Yesterday, I cleaned the downstairs of my house for two hours. Not too farfetched a story until you consider we’d just gotten back in town twelve hours before. We were gone for two weeks. How, pray tell, does a house (specifically the floor) get so dirty when no one is home?? This is what I was asking myself as I swept, vacuumed, mopped, and straightened each room. Then I remembered that in the three weeks leading up to our two-week vacation, we had three other trips out of town PLUS me trying to squeeze in as much writing (read: hand-wringing and panicking) on book 2 as I could before the editor’s letter came back for The Hideaway. So suffice it to say, not much housework had happened in about a month, save for quick sweeps with the broom and some surface cleaning when necessary.
Fast forward to yesterday morning when I was doing all this cleaning. Kate and Sela were playing together happily, thank the Lord, and I had unhurried time for the first time in what seemed like forever. We didn’t have anywhere we had to be, nothing to pack for, no trip to plan. It finally felt like summer. Even as I write that, it sounds sort of silly–after all, since school let out, we’ve spent a decent chunk of time at the beach, which is the epitome of summer (for me at least). But trips out of town also can be hard–everyone off regular schedules, kids’ bedtimes all screwy, early morning writing time interrupted by early wake-ups, etc. It’s always nice to getaway, but sometimes it’s nice to come home too.
I’m glad that after trips galore, we’ve finally reached that part of summer where we can rest. Or maybe it’s just me who’s finally resting. I usually have a hard time resting when things are messy. For example, I’ll spend 45 minutes of the kids’ quiet time straightening up and getting my “nest” all set up, only to find ten minutes later, it’s 3:00 and the kids pour out of their rooms ready to rock and roll. To show you my progress, right now, this is what my living room looks like:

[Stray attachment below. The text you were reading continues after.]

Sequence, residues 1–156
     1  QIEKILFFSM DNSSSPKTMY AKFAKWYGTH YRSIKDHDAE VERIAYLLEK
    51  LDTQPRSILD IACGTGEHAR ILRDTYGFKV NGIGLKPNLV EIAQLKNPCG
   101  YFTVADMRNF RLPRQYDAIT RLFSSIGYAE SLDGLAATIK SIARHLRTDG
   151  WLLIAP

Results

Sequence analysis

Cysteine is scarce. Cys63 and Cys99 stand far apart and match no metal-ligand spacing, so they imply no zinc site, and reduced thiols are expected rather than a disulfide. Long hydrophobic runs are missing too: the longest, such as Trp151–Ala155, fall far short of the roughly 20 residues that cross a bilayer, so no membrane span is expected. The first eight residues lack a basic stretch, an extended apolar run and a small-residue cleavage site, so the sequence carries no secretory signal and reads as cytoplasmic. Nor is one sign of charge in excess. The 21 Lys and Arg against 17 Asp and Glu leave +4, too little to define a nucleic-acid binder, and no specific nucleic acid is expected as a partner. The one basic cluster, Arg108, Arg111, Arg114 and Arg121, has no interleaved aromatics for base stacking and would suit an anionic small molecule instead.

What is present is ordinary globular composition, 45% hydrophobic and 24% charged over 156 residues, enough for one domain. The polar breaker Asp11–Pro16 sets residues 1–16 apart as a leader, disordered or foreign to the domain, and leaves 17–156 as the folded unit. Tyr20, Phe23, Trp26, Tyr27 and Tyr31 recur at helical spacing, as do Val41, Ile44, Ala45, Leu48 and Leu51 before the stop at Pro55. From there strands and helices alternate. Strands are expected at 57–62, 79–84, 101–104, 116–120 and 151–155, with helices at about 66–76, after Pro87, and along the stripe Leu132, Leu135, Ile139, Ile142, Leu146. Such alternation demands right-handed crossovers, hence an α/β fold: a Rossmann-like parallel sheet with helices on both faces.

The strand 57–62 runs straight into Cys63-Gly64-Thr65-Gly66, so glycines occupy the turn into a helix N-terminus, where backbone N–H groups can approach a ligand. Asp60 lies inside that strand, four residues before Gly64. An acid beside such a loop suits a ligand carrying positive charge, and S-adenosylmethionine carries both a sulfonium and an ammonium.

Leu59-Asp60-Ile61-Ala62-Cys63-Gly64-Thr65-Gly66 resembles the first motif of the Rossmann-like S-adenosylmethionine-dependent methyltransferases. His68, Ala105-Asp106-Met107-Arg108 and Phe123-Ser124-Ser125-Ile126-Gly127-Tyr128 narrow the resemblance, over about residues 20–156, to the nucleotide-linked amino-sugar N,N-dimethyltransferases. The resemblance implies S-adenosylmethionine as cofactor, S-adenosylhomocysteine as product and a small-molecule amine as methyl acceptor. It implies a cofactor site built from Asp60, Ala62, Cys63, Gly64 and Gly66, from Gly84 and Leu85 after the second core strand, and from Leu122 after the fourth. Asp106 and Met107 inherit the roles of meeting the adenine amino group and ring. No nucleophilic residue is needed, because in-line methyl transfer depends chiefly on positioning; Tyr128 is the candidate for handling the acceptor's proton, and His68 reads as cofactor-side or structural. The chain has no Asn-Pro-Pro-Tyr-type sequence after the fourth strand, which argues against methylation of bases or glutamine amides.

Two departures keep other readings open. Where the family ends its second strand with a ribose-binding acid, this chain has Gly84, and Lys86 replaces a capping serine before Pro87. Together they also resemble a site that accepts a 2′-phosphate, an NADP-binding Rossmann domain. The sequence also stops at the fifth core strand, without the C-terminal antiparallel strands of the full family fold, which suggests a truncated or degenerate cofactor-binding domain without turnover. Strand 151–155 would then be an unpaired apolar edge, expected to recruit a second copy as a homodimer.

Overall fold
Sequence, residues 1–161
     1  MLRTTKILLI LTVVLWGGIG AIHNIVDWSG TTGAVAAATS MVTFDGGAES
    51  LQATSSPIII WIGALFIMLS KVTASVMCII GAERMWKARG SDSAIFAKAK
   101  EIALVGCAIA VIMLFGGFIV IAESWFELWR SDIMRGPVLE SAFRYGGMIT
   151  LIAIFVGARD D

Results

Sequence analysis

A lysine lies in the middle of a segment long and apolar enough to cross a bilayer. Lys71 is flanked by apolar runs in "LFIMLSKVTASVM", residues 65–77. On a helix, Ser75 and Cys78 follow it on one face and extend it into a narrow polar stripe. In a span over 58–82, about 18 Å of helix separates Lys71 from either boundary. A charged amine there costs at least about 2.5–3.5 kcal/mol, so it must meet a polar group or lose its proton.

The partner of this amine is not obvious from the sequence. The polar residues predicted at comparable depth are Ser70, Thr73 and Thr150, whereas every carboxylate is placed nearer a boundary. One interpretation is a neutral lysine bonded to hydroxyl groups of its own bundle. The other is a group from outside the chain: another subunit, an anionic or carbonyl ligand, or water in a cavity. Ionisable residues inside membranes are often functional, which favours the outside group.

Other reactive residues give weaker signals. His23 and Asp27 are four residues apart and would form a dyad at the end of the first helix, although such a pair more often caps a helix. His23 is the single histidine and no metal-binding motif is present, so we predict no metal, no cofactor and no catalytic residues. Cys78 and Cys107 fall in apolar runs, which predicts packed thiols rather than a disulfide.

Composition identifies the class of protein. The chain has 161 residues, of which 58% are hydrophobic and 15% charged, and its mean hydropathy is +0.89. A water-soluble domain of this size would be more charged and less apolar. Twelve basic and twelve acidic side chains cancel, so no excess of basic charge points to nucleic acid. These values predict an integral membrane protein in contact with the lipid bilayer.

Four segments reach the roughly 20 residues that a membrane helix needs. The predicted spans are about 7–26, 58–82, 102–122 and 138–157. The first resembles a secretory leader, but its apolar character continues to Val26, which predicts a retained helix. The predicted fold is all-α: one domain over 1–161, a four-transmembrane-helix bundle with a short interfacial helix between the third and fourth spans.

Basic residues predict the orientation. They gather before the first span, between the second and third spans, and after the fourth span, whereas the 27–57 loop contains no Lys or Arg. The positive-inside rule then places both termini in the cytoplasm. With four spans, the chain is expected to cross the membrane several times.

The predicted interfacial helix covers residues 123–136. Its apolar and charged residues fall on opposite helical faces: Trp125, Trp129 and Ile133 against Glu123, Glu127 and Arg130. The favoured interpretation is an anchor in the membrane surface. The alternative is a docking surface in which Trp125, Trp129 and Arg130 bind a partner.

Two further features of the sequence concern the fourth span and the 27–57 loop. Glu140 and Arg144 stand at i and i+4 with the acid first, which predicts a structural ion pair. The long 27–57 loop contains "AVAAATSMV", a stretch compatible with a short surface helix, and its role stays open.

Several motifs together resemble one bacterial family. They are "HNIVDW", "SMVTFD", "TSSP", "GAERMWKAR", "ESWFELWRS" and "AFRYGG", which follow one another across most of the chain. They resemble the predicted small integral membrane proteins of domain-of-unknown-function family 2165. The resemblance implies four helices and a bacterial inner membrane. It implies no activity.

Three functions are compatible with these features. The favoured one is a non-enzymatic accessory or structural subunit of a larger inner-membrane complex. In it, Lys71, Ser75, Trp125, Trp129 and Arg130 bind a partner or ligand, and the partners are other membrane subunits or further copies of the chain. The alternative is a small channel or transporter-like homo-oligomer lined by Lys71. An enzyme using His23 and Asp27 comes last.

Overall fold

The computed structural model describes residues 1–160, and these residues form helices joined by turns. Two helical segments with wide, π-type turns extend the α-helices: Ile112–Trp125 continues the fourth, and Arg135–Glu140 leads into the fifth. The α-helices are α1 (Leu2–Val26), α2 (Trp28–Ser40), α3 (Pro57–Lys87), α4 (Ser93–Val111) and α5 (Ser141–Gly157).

That’s the leftovers from a morning campsite, complete with about 45 stuffed animals and dolls and every blanket in the house. And a tent. There’s a tea set somewhere in there too. Instead of cleaning it up before I sat down for a few minutes of my own quiet time, I just stepped over it, poured myself a drink (no, not that kind), and put my feet up. I have about 20 minutes before we’re up and moving again, but I’m determined to take these minutes for myself. (Remind me of this in the (probably near) future when I’m hurtling through my house trying to make it all neat and organized and wasting precious sit-down time. I need a lot of reminders.)
The first month of summer I felt like I had my hair blowing back all the time by activity. These last 5 weeks (really?!) will hopefully be slower. I’m a multi-tasker at heart (reading while cooking, checking Facebook while watching TV, thinking about plot holes while washing my hair) but I just recently heard a great quote: “There’s a temptation to multitask everything but you can’t multi-task presence.” With a house that gets ten times dirtier in the summer, a book to write (and one I’m quite perplexed by), and another one to edit, I’m going to try to not be such a multitasker–especially when it comes to my kids. This morning, after the camping session on the floor and staying in pjs til 10, we stopped by the library and left with our arms full of books. After quiet time, we have a bag of flower seeds to plant and pink hydrangeas to cut and bring inside. Then maybe popsicles. I think that’s a good start.